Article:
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Congressman Bob Latta (R-Bowling Green) made the following statement after the House of Representatives considered H.R. 7321, the Auto Industry Financing and Restructuring Act. 

“The auto industry is a critical segment of our nation’s economy, especially in Ohio.  During the testimony from the “Detroit 3” and the drafting of this legislation, important questions remain unanswered that put the American taxpayer at serious risk. 

Similar to the financial bailout, Congress is putting one person in charge of an entire area of our economy.  We cannot in good faith give one person management power over the “Detroit 3” if they cannot currently manage themselves.  This bill yields vast power in the “car czar” to decide what types of vehicles Americans will drive, how corporate organizations and debt will be restructured, and whether or not the companies are meeting the criteria of the bailout.  This bill also fails to address what will happen to the companies should they not be in compliance with the bailout, as Congress will immediately demand repayment.  It is clear each company currently does not possess the cash to operate at this time.  How will they repay the loan in the near future if they cannot meet the requirements set forth in the bill?  In addition, this legislation was nothing more than a short-term bridge loan to the “Detroit 3” with no guarantee they would not return in the near future for additional funding.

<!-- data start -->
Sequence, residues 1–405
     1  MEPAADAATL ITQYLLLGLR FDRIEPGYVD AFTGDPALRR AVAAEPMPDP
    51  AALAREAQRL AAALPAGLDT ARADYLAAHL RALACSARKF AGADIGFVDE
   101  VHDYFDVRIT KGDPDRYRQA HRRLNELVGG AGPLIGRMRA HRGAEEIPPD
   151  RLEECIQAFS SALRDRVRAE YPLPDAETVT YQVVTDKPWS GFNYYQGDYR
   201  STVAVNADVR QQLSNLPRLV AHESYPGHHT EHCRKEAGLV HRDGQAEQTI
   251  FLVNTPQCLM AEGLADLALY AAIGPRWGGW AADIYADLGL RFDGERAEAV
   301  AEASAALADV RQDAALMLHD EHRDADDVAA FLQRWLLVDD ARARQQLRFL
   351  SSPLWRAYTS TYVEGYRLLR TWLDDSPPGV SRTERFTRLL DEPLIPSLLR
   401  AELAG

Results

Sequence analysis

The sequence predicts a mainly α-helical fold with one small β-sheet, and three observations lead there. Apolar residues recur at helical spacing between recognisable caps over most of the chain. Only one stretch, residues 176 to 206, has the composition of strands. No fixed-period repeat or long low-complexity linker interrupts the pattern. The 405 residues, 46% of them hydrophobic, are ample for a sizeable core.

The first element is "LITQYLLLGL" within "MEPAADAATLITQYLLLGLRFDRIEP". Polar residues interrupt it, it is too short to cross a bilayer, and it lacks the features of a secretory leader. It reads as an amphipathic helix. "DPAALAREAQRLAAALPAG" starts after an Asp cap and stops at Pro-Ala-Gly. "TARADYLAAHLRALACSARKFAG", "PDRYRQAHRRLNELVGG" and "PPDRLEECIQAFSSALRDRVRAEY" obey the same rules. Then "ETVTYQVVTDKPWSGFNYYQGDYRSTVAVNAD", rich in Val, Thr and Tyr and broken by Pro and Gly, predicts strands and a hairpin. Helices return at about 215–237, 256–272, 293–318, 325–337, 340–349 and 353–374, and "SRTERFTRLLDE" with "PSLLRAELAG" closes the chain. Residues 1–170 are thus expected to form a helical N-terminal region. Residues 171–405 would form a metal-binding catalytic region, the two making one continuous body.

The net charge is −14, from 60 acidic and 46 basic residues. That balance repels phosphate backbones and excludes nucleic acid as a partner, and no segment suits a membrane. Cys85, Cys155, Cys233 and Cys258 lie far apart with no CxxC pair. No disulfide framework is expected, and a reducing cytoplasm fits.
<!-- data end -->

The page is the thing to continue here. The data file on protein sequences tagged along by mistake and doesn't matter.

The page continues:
House Republican leadership laid out an alternative plan earlier today, mapping out a plan of faster restructuring with harder deadlines for the “Detroit 3” to meet.  Additionally, the plan calls for each of the companies’ creditors to drastically reduce their respective indebtedness by at least 1/3.  Most importantly, the House Republican plan is financed with government insurance, similar to fee-based programs like the FDIC, which provides much needed protection for this taxpayer investment. 

Furthermore, the current proposal was introduced by Democrat leadership today and was fast tracked through normal proceedings, bypassing hearings and extensive debate.  Members had less than ten hours to review the bill before voting.  

Securing the nation’s auto industry is a serious concern that needs review and careful attention. This bill fails to provide accountability on American taxpayers’ investments, security to the millions employed by the automotive industry, and does not guarantee any solid restructuring plans for any of the “Detroit 3”.  Under this bill, the risk behind this investment is too great for the American taxpayer. 

Because of the reasons set forth above, I had to cast a no vote.  Once again, too much power is vested in one individual with too much discretion on where America’s automotive future will be.”

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